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University of Bath

Frederica Bond, Tom Boshell, Marialena Byrou, Emma Hugh, Hannah Richmond

Situated on the south-east coast of Cyprus, Lanarka is profoundly affected by climate change. With severe flash flooding in the winter and parching droughts in thesummer, it is a city at the mercy of its extreme climate.

Our Ydropolis masterplan uses water as a tool for combating many of the issues facing the city, harnessing Larnaka’s plentiful yet ignored resources by saturating the city via underground seasonal water storage infrastructure and solar desalination.

Our design sees excess stormwater from the surrounding mountains directed and retained under the city for use during the summer. This subterranean system sprouts new growth above ground, densifying the vast urban sprawl, creating green areas and routes to the coast, and culminating in floodable public plazas.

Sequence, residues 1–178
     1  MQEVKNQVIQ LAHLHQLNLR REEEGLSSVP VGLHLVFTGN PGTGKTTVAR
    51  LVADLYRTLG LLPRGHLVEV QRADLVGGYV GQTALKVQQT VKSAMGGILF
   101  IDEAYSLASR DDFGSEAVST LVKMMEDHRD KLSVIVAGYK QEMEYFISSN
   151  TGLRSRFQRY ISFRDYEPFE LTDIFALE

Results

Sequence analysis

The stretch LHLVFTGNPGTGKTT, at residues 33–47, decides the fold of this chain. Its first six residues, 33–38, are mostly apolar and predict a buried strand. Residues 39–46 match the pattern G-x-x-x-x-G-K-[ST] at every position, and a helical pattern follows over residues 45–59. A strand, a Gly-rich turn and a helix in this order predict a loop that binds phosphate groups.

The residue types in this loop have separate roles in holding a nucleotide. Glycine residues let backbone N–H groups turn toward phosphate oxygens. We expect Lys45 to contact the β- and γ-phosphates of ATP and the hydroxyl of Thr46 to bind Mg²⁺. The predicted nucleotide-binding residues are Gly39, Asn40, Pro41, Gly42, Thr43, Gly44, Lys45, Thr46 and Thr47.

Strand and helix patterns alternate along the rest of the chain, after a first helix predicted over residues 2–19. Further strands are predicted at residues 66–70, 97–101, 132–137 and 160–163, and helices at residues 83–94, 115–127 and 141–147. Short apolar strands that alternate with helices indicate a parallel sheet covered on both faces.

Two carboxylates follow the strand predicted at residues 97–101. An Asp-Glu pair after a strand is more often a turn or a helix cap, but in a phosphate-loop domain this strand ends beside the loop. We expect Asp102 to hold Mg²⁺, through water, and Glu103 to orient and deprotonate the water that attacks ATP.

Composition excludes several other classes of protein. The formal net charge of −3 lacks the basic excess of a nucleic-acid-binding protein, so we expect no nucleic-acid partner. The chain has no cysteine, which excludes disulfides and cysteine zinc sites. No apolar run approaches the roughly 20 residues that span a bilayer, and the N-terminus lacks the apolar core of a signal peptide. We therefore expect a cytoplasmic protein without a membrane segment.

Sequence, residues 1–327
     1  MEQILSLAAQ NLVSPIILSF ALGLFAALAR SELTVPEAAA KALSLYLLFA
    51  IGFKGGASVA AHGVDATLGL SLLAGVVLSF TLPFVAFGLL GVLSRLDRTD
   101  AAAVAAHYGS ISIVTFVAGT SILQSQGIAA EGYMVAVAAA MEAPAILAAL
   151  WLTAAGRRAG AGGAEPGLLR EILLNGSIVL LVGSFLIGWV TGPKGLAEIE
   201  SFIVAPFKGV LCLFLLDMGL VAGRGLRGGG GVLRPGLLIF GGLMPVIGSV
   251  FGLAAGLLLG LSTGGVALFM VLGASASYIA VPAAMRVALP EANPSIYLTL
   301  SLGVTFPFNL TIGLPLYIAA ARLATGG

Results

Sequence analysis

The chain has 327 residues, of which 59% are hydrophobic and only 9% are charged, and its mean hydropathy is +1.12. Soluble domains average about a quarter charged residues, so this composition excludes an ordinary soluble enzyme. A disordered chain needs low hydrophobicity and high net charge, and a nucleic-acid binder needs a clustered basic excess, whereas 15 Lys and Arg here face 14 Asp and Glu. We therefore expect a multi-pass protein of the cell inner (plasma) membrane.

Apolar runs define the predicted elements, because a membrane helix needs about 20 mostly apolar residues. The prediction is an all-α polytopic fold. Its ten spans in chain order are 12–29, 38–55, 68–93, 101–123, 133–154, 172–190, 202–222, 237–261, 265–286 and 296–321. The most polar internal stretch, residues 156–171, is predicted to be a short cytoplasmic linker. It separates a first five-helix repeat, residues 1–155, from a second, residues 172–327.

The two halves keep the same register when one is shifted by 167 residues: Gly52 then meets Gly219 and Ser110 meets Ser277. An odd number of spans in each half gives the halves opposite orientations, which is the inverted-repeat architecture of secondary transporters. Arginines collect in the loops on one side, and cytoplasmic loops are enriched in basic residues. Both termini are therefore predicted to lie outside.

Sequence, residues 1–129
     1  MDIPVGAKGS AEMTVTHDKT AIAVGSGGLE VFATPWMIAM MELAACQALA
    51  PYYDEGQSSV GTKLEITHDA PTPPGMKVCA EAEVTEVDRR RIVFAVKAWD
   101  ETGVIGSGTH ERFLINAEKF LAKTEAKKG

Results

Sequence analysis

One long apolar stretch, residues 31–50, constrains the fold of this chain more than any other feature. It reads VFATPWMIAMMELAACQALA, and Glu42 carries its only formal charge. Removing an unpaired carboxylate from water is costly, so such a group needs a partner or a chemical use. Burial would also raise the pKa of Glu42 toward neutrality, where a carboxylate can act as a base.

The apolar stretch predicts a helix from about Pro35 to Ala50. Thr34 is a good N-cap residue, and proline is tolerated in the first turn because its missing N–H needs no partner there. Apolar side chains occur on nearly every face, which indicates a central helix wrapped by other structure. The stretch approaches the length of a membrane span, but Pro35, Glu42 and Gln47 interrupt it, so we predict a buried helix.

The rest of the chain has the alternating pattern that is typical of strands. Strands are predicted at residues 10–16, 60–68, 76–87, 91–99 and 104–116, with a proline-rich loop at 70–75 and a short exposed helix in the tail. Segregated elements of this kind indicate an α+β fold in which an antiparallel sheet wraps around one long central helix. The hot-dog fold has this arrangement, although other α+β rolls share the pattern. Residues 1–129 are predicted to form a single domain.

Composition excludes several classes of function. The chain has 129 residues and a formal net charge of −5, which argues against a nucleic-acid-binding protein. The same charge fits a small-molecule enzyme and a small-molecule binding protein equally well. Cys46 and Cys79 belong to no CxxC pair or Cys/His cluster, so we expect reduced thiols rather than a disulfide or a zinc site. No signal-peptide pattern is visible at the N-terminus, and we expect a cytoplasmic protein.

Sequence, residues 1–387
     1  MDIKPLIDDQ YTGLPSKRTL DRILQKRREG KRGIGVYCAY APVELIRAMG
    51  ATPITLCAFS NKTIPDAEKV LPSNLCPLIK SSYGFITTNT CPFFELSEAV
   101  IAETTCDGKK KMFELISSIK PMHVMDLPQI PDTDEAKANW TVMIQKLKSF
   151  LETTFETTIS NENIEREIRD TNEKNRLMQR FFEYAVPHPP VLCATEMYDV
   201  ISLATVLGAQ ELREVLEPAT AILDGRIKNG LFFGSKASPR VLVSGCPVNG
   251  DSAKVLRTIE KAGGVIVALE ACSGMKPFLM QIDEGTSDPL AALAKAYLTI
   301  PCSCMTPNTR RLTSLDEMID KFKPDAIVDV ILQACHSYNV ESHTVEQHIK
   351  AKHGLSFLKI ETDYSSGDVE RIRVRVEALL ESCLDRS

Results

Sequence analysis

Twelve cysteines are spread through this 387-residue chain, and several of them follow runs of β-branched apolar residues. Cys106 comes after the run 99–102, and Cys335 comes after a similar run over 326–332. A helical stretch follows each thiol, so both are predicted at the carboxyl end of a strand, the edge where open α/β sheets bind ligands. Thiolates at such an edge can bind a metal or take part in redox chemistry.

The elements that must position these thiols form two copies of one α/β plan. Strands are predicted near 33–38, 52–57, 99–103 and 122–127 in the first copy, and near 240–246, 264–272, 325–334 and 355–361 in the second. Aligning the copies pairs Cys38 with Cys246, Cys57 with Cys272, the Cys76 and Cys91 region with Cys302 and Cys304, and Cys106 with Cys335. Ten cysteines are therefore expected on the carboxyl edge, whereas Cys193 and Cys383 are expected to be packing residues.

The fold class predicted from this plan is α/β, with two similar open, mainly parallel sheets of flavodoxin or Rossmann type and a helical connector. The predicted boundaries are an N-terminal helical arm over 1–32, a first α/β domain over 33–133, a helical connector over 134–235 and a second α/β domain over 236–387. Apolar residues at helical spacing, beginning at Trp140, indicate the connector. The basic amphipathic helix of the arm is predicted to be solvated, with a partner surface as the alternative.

Simultaneously, saltwater is brought inland via a series of channels and then desalinated within repurposed oil silos that harness Larnaka’s harsh solar conditions. The two water bodies meet in the extensively reimagined industrially ravaged coastline, which has been cleaved from the city for over 80 years by a now-redundant oil industry. The aim is to see the city and sea reunited once again.

By addressing water management at a macro and micro scale, the Ydropolis masterplan aims to retain not only water but also young people and tourists. Harnessing Larnaka’s untapped resources will create new community hearts, including a research district that specialises in the effects of climate change and a living coastline. In doing so, Larnaka will be reinstated as a thriving eco-tourist destination and a testbed for the problems faced by many cities in the future.